When Pablo Picasso passed away without a will, he left behind more than 45,000 works which have become the center of personal and financial struggle between his heirs. The artist was survived by 4 children from 3 different women. They are as follows: Paulo (with Olga Khokhlova), Maya (with Marie-Thérèse Walter), and Claude and Paloma (with Francoise Gilot). Paulo, the artist’s only legitimate son, passed away in 1975. His children Marina and Bernard Picasso now join Claude, Paloma and Maya as official heirs to the estate.
The heirs at the center of the estate negotiations are Claude and Paloma. The relationship between them with their father has been challenging. Their mother, Francoise Gilot, left Picasso after a ten year affair, and is the only lover to ever leave the artist. In 1964, she published a book titled Life with Picasso which infuriated Picasso and led him to bar Paloma and Claude from his home. Despite this severed relationship, the two children were eventually able to gain shares of the estate through a 1972 law which protected illegitimate offspring.
Since then, Claude Picasso has been named legal administrator of Picasso’s estate and is now the head of the Picasso Administration, an organization that manages the licensing of Picasso’s name. The administration oversees a huge variety of legal concerns. Each year, an annual report is largely dedicated to court cases that have been settled or are pending. Given the wide variety of objects (automobiles, pens, lingerie) which have acquired Picasso’s name, it is not surprising that the administration is constantly enmeshed in legal battles. Despite their persistence in protecting the artist’s name, there still remain hundreds of illegal brands titled “Picasso” around the world. In regards to Picasso’s artworks, Claude remains the official authenticator and receives on average almost 1000 requests for authentication annually. The verification process can be complicated, given the scholarship required and the necessity for Claude to view the works in person.
We can only imagine the Picasso Administration will strengthen its authority as the market for Picasso works continues to soar. The range of Picasso collectors has grown exponentially to include regions such as Asia and the Middle East. Just last year, there were 34 Picasso exhibitions in total around the globe. One recent exhibition which generated great excitement was MOMA’s Picasso Sculpture. The exhibition was well received for revealing the lesser known aspects of the artist’s expansive oeuvre. As such, Picasso’s name also retains its value in the commercial art market. In May, 2015 Picasso’s 1955 painting Les Femmes d’Alger (Version “O”) was sold by Christie’s for the astounding price of $179 million. This marked the record as the most expensive artwork ever sold at auction.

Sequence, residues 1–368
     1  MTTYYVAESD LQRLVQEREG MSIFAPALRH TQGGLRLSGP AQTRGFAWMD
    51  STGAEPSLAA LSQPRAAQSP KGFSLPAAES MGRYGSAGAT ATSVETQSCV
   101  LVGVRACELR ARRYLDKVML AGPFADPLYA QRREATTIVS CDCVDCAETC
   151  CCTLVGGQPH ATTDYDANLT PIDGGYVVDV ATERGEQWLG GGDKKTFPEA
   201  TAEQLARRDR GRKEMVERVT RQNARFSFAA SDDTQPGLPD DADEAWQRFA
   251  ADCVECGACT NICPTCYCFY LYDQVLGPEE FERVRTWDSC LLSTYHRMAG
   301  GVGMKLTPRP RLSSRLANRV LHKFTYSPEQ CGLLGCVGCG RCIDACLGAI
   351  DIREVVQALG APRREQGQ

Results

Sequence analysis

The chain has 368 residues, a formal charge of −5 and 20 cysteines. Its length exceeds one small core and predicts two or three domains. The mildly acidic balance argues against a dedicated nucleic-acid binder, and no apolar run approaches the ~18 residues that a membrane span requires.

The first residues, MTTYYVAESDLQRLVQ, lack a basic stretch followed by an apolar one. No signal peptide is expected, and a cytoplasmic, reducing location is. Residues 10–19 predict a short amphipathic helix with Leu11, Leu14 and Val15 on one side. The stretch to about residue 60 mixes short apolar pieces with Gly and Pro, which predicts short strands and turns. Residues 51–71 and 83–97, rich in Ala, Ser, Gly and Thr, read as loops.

Evidenced by the popular museum exhibitions and the high auction prices, the wealth and renown of Picasso and his family will continue to grow. Given their status within the art world, the family has been incredibly philanthropic. For instance, the majority of the heirs have donated Picasso’s works to museums. Several works have also been auctioned in order to support various charities. Recently, it was announced that Picasso’s studio in Paris would be transformed into a research and educational center of the arts. This project is headed by the Maya Picasso Foundation for Arts Education and you may find more information here:
Without a doubt, the heirs place their father’s legacy and career above personal conflicts. Their contributions will surely provide for the next generation of artists and scholars who will continue to expand our knowledge of the modern master.
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Olga Khokhlova was born in Ukraine in 1891. She became a ballet dancer in the Ballets Russes as a young woman. She was a dancer in Parade in 1917, which was a collaboration between Sergei Diaghilev and Jean Cocteau. With Cocteau’s urging, Picasso became in charge of the costumes and set design for this production. Their romance was slow at first – she was chaste and required courting but Picasso was 35 and desperately wanted to start a family. When the ballet moved on to tour South America, Khokhlova ultimately stayed in Barcelona with Picasso.
They were finally married on July 12th, 1918 at a Russian Orthodox Church with Jean Cocteau serving as a witness. Back in Paris, the couple moved in next to Picasso’s dealer Paul Rosenberg where the two slowly climbed up the ladder of society.